Monday, 27 December 2010

Cumberland Hotel, Oxford Street W1

The massive Cumberland Hotel behind Marble Arch was built for J. Lyons in 1930 at the height of the Art Deco mania for everything Egyptian sparked off by the discovery of King Tut's tomb. Lyons's in-house architect, F.J. Wills, decorated the facade with giant Egyptian figures and created a very odd new order of columns with bulls' heads on the capitals.
A rather nice little detail is that the Egyptians have different expressions on their faces, one having a rather twinkly smile. You need binos or, in my case, a long lens to see that from street level, of course.

Saturday, 18 December 2010

34-36 High Holborn WC1

 The Artist as Hephaestus (1987) could be by no-one but Eduardo Paolozzi, a perfect example of his brutalist style, looking as though the work had been sawn into sections and then carelessly reassembled with all the bits slightly out of alignment.
Hephaestus was the Greek equivalent of Vulcan. He was a sort of divine Q, supplying all the Gods with their gadgets. He made Hermes's winged helmet and sandals, Aegis's breastplate, Eros's bow and arrows and Helios's chariot.
Paolozzi portrays himself holding a number of strange-looking objects. Are they mystical machines such as Hephaestus might have knocked up for his divine clients? They look a bit like impedimenta from a foundry, perhaps items associated with the lost wax process Paolozzi used so extensively.
Paolozzi suggests the Hephaestus's lameness by making one leg slightly shorter than the other and  moulding his left foot as though it is fused to the block under it.

Friday, 10 December 2010

27 Southampton Street WC2

27 Southampton Street dates from 1707  but its main interest is, unusually, the plaque over the front door put up in 1900 to commemorate the residency of the actor, impressario and Shakespeare idoliser David Garrick.for nearly 30 years.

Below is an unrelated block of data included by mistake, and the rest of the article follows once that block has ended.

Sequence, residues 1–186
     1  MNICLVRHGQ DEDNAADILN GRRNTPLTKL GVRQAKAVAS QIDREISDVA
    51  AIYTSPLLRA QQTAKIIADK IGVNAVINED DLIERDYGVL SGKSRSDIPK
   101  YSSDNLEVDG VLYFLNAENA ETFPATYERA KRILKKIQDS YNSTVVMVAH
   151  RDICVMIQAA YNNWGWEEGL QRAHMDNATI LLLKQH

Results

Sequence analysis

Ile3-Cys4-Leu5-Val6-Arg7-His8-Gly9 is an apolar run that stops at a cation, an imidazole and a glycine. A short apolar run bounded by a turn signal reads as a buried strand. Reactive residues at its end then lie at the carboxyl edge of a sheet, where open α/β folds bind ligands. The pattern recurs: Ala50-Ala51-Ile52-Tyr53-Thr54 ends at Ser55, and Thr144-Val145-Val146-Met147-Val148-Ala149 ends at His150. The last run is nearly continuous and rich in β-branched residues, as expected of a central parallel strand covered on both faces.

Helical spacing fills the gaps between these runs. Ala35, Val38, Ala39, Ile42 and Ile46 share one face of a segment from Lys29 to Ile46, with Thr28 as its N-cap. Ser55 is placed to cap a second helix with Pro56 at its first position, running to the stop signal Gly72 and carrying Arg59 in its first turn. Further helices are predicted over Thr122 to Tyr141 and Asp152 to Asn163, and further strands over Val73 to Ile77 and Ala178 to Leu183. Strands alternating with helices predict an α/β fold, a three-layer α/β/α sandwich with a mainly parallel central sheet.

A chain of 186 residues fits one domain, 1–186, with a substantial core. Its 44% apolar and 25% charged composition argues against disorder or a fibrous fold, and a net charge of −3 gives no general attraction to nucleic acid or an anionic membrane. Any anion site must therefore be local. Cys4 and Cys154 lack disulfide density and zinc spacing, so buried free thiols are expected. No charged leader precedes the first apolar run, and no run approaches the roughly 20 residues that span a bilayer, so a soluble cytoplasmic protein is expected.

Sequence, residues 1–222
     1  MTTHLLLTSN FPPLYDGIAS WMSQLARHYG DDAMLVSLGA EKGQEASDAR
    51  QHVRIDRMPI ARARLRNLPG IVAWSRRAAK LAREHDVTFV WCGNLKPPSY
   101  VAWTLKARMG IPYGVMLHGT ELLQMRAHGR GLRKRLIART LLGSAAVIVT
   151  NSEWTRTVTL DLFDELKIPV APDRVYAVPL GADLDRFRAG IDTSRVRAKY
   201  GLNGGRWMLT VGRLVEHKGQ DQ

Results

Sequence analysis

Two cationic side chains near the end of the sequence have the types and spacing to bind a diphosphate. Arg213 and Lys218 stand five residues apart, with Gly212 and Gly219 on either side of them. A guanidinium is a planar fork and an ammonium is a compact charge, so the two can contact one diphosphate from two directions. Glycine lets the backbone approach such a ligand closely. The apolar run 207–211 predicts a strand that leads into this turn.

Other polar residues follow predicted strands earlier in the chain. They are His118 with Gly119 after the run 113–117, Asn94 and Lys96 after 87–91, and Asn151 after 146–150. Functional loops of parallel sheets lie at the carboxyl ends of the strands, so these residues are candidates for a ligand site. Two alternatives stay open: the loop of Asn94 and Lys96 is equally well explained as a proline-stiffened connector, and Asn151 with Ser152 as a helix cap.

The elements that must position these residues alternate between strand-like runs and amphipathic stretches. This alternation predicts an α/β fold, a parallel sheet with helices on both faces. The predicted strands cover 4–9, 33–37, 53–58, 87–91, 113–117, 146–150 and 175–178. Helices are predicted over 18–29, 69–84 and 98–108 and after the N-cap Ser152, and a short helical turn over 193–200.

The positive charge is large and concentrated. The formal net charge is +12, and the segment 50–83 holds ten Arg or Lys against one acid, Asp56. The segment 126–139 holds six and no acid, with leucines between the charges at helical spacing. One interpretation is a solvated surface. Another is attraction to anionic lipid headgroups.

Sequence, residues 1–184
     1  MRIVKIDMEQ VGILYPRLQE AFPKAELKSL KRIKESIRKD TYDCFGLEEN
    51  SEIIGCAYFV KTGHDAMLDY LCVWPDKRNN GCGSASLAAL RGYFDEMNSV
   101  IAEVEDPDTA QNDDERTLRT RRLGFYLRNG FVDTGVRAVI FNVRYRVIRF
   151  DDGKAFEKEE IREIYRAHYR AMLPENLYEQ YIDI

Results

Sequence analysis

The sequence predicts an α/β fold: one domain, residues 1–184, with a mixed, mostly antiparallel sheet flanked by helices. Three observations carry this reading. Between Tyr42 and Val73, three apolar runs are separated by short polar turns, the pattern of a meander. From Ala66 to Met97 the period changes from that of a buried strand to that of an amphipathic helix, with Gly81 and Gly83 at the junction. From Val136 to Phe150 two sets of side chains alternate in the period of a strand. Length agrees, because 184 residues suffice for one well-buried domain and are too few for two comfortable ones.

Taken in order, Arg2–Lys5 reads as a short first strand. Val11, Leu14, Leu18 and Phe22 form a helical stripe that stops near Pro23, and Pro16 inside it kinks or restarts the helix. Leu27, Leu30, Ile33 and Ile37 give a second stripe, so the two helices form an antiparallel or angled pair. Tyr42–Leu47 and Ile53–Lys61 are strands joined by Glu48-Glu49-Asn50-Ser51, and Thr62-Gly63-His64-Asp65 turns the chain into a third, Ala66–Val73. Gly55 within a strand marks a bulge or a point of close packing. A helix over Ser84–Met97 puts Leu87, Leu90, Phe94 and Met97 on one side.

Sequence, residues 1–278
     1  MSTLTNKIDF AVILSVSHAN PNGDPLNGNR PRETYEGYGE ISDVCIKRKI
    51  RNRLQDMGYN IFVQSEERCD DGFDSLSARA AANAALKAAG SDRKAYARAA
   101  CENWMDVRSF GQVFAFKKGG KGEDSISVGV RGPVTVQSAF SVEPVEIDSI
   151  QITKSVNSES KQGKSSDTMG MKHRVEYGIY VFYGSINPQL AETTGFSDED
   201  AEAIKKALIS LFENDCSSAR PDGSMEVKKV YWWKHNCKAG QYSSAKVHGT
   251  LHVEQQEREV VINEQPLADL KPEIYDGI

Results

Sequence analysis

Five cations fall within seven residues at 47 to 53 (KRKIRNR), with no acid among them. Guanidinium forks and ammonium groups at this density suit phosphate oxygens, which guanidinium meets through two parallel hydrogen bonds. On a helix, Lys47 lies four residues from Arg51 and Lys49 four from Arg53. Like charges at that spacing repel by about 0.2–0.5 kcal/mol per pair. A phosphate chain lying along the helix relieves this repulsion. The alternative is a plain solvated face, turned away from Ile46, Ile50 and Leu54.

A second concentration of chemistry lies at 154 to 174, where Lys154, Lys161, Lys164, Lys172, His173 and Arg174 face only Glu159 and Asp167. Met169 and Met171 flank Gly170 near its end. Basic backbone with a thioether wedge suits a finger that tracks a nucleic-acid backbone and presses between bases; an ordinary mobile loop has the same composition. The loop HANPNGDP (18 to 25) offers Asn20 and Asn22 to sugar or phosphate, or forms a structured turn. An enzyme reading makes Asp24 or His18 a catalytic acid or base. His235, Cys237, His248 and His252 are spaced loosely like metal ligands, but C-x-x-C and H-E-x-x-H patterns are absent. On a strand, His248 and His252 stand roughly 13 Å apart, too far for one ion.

The plaque is unusual on several counts. Firstly, its quality and cost (it is cast bronze). Secondly, unlike most plaques it is the work of a top-flight sculptor, Henry Fehr. And thirdly, it was paid for by the freeholder, the Duke of Bedford, who was not known for his generosity. He even got his personal architect, Charles Fitzroy Doll, to sketch out the design.
A bust of Garrick circled with a laurel wreath stands on a plinth with the inscription. On either side stand two Muses, helpfully labeled. Less helpfully for today's Londoners, the labels are in Greek, but one of the advantages of a scientific education is a working knowledge of the Greek alphabet so I was able after only a bit of head-scratching to identify them as Melpomene (left) and Thalia (right).
Melpomene, the Muse of Tragedy, holds her dagger in her right hand. She traditionally also carries a club but Fehr clearly thought that would be rather unladylike so she holds a slim, elegant mace with a crown hanging round it instead.
Thalia holds the mask of comedy and a shepherdess's crook. Both are sad and pensive

Thursday, 2 December 2010

Former Catesby's Store, 64-67 Tottenham Court Road W1

The top end of Tottenham Court Road was the place where the super-rich of Edwardian London furnished their houses, trooping round Heals, Maples and Catesby's, the latter being where they bought carpets for upstairs and linoleum for downstairs. The area was so expensive that the plutocratic Baron de Rothschild could quite seriously justify his passion for buying antique French furniture by saying "it's cheaper than going to Maples."
In 1904 Edward Catesby rebuilt his store in a flamboyant Free Renaissance with Arts and Crafts touches. The architect was Henry A. Whitburn, whose initials appear like very polite grafitti behind the dragon in the tippy-top gable at the centre of his facade.
Catesby's initial appears much more ornately carved and prominently positioned, but as he was paying for it I suppose that was fair dos.
My absolute favourite sculptures are the storks under the bow windows on the fourth floor. They have the ungainliness of Martin pottery birds, with those faintly ridiculous beaks and spindly legs.

Saturday, 20 November 2010

Minerva House, North Crescent WC1

The Minerva Motor Company was a Belgian luxury marque that once had a reputation as high as Rolls Royce or Mercedes.
This ad appeared in 1905 ad in the Ashburton Guardian - note the car's top speed of 'up to 25 miles per hour and the added inducement 'Purchasers taught to drive free of charge'. I bet you got what you paid for.